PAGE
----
A Perfect Day on O‘ahu


Home to beautiful beaches, rich historical sites, and world-class shopping, O‘ahu offers something for everyone. Stick to more obvious tourist spots in Honolulu and Waikīkī, however, and you may miss out on the other marvelous sights that O‘ahu has to offer. Just as you cannot simply read the cover of a book, there is much more about O‘ahu waiting to discovered—if you know where to look.

Text by Kaycee Macaraeg | Image by A.J. Feducia

Adventure into the morning: Get a jump on mid-morning heat and afternoon crowds by starting off bright and early with a hike. With so many trails on the island, it may be difficult to choose, but one, easy, beautiful route is a hike to Mānoa Falls. North of the University of Hawai‘i at Mānoa, it opens at 8 a.m., is just under a mile, and takes only about an hour (though parking costs $5). While the trail can be considerably muddy after a rain, Mānoa Falls is worth the trip to explore a location where Jurassic Park and Lost previously filmed—but rest assured, there are no dinosaurs or polar bears. If you want a more urban hike with an incredible view, take O‘ahu’s Diamond Head Summit Trail. For a real bun-burner that ends at a waterfall-fed pool, try the Maunawili Falls trail in Kailua (though it will also be very muddy after rain!)

Travel through art: The Honolulu Museum of Art is a world all its own. Located in the heart of Honolulu, this museum takes you through historical and cultural art from Asia to the Pacific while offering a peaceful environment with fountains and several lush courtyards. Discover 20th century Japanese erotic art in the spring at the Modern Love exhibition (through March 15) and local works at the biennial Artists of Hawai‘i showcase featuring eight Hawai‘i participants during the summer and fall (July 2 through October 25). Admission also includes free same-day entry to Spalding Heights in Makiki, where you can explore sculpture-filled gardens overlooking Honolulu and five contemporary art galleries. Go on a picnic and nosh on Mediterranean-accented fare from the Spalding House Café while enjoying the museum’s sprawling grounds.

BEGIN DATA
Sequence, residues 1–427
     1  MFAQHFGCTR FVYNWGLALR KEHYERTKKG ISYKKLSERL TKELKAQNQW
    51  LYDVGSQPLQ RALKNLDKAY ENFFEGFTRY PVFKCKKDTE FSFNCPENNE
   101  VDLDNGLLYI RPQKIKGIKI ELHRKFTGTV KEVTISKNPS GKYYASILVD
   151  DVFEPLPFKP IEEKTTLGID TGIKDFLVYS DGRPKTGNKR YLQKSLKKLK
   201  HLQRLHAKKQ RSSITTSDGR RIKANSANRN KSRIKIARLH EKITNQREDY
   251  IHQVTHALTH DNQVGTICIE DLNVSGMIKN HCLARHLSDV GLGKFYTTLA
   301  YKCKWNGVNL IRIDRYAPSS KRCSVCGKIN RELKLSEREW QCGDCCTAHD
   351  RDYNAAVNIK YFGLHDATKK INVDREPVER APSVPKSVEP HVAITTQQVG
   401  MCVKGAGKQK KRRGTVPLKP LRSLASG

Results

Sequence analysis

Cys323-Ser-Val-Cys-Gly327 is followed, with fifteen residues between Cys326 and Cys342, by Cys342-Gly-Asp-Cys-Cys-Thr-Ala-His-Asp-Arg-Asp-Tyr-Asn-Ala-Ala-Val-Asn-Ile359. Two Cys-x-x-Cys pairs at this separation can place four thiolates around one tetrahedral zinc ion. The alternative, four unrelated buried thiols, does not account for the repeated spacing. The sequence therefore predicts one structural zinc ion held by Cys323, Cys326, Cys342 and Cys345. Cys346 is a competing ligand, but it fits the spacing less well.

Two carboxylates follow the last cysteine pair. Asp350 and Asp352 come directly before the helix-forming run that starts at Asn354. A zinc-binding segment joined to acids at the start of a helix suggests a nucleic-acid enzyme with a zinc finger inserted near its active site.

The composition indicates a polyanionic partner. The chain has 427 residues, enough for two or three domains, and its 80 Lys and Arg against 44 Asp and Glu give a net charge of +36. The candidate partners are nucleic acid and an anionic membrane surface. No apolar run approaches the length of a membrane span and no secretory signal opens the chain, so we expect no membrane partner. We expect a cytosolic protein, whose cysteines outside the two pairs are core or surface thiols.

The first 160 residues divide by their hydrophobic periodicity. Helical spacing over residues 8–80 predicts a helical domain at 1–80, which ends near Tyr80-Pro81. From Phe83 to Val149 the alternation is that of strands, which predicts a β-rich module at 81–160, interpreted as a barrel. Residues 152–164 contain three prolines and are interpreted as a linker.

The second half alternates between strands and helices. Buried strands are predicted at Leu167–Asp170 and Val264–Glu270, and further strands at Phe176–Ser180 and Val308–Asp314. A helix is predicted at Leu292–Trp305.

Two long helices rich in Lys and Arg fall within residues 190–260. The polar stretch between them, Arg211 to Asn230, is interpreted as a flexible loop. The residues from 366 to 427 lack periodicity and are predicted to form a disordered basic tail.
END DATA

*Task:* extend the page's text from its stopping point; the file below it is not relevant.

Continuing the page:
Take an afternoon tour: For those staying in Honolulu or Waikīkī, a trip to the north side of O‘ahu might seem a little out of the way, but if you go the Pali Highway route, it makes for a charming roadside view of the ocean on the way to Kahuku Farms. Open from 11 a.m. to 4 p.m. on all days except Tuesday, the farm offers a grand tour of their fields to see how local produce is grown, along with samples of fruit and vegetables. You can also opt for a smoothie tour that includes—you guessed it—a delicious smoothie at the end of the tour. If you can’t get enough of Kahuku Farms’ local flavor, sit down for beverages and a sandwich at the farm’s café (which is worth a stop on its own). Across Kamehameha Highway is also Romy’s shrimp truck for those in the mood for seafood.

Check out the waves: Since you are already on the north shore, continue on Kamehameha Highway past Turtle Bay to O‘ahu’s famous seven miles of stunning beach and surf breaks. On calm summer days, sign up for surf lessons; in the winter, you may catch sight of thrilling competitions such as the Vans Triple Crown of Surfing (November through December). A great place to watch the sun set is at Turtle Bay’s Hang Ten Bar, which is next to both the pool and ocean and is open until 10 p.m. If the thrill of surfing is not for you, Hale‘iwa offers quaint shops, art galleries, and delicious shave ice for a relaxing day in the country.

End the day with a bang: On Fridays, if you hurry back before the sun goes down and make the one-hour drive back to Honolulu, you can catch a free fireworks display in Waikīkī at 7:45 p.m. Hosted by the Hilton Hawaiian Village, the event lasts about 10 minutes, but it is certain to make your day a memorable one.